They'd stay and talk to me for hours after the trial. Even though I'd be exhausted from a week long trial, I'd stay until 7 or 8 pm listening to the jury give me the feedback.
The last piece of this is I never thought I was good enough. I still don't.
There's always room to improve.
This past year I've spent a bunch of time working with a voice coach to go deeper and improve my ability to control tone, timbre, and turn it into a full on instrument.
I've worked with copywriters this year too to look at my videos and break down how those stories come across. Where could I tighten things up, where could I create a deeper emotional hook, where can I improve.
For the keynote I delivered in Amsterdam last week, I worked with one of my good friends, mentors, and a highly paid professional speaker to refine that talk and make sure I would create the right memorable and portable moments.
Greatness doesn't happen overnight.
Greatness doesn't happen alone.
I'm still on my quest to reach that pinnacle.
What's stopping you from starting yours?
RESOURCES for Founders and Storytellers
Since our country’s founding, one of our core values has been that of innovation. In many ways, the risk-taking and relentless pursuit of better has brought the US to the forefront of technological and industrial advancement. But some economists argue that time has passed, and we are now in a period of complacency that threatens our standing in the world. This presentation by George Mason University economy professor Tyler Cowen explores his views on the dangers of the “good enough” mentality.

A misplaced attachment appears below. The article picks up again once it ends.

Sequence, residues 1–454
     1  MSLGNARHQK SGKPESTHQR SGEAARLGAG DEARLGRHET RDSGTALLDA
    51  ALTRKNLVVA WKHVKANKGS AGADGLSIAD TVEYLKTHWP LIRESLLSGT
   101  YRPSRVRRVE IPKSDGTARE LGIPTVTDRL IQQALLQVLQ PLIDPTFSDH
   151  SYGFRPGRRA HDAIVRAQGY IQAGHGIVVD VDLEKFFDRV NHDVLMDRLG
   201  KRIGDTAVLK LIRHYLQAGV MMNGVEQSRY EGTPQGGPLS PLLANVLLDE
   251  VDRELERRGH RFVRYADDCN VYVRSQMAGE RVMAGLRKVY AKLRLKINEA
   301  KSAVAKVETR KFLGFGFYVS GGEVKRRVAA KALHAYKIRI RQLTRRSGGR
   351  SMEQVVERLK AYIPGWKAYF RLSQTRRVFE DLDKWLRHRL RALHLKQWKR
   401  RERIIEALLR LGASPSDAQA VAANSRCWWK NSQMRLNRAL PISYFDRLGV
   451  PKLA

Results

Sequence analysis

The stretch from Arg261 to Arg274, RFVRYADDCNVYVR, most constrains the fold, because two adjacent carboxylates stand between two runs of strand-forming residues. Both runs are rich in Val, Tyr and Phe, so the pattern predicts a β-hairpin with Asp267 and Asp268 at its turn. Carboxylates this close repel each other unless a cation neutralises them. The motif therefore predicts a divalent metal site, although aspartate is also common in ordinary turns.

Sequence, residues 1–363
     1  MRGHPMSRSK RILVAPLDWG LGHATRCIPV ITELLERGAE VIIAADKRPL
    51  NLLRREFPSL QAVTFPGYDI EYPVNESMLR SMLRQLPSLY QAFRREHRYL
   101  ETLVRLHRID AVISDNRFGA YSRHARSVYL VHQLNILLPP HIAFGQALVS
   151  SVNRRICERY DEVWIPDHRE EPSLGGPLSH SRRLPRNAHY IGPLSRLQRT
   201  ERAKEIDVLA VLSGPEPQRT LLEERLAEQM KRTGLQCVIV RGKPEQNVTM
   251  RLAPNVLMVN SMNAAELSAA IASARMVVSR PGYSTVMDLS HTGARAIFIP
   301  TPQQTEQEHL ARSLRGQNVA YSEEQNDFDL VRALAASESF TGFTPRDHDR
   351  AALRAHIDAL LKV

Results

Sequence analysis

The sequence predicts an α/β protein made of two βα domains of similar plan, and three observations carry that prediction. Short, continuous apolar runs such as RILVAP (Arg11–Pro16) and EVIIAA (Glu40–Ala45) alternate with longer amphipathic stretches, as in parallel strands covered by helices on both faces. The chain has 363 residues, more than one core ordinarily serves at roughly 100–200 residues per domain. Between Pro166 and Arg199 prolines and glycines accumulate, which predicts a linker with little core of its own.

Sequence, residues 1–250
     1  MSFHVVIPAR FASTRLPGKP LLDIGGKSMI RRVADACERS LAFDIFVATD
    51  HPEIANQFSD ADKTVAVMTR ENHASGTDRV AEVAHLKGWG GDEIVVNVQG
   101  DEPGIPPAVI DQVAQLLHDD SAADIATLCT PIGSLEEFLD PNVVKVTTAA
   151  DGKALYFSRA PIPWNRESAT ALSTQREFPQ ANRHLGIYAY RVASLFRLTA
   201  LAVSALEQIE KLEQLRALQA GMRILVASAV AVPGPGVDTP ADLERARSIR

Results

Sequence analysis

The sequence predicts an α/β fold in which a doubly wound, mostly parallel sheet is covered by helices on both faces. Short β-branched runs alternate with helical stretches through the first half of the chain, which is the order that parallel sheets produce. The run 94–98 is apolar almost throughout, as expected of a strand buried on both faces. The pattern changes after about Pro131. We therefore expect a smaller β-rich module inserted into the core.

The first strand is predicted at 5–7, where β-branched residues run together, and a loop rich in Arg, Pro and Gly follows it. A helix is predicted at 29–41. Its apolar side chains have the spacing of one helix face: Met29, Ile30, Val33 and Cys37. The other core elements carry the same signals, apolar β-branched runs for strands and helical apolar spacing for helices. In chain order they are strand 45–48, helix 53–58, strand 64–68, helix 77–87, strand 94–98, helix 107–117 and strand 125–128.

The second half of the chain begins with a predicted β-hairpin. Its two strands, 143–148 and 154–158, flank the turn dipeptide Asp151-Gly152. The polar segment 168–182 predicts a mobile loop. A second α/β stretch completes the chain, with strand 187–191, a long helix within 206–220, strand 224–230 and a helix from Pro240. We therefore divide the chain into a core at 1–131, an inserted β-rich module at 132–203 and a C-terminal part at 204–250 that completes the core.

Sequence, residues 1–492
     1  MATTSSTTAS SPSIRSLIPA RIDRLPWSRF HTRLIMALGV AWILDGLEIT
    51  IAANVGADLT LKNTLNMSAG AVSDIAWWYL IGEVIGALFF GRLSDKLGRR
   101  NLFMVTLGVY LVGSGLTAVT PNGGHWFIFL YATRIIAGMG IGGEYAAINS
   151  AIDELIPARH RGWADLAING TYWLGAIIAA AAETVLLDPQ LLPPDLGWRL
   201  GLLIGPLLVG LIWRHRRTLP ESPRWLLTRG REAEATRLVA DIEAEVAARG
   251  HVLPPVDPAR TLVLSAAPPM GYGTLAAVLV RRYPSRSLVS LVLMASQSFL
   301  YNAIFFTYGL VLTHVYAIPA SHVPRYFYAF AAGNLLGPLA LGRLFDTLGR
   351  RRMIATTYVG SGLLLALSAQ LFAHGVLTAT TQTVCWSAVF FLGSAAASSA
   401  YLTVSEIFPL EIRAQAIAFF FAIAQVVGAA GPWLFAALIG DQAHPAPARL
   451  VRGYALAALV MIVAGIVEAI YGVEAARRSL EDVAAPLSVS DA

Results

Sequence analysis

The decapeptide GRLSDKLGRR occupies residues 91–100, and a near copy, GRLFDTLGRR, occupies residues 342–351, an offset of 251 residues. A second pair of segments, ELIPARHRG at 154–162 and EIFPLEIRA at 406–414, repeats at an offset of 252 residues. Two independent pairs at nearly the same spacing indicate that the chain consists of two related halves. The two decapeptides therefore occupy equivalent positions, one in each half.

Down rounds often signal risks of a struggling business to future investors. But according to a new PitchBook report, contrary to expectations, venture-backed companies that have taken on a down round are likely to continue on the path to growth—including raising new rounds and restructuring following a buyout.
How can founders best prepare for riding out the potential lean times ahead? This Q&A with Insight Partners VC managing director Hilary Gosher discusses how founders can cut out what she calls the “fluff in the system,” as well as how to approach layoffs, extend runways, and reprice employee stock options.
You might have seen the recent announcement that I joined Antler as a Venture Partner. It's exciting to have this opportunity as well as my partnership with 776 to continue helping more founders that are backed by amazing investors.
I'm still building Performative Speaking and coaching world-class founders. We just crossed $315,000,000 raised by the founders I've coached. The craziest part is that this number could break 400 million by end of the year. I'm so damn proud of all the founders I coach and the companies they are building.
There are more big announcements coming over the next few months. So stay tuned!
See you next week.
There's currently a waitlist to work with us. If you're looking to fundraise in Q1 or Q2, you can apply to claim a spot on the march to 1 billion dollars raised by founders we work with by going here.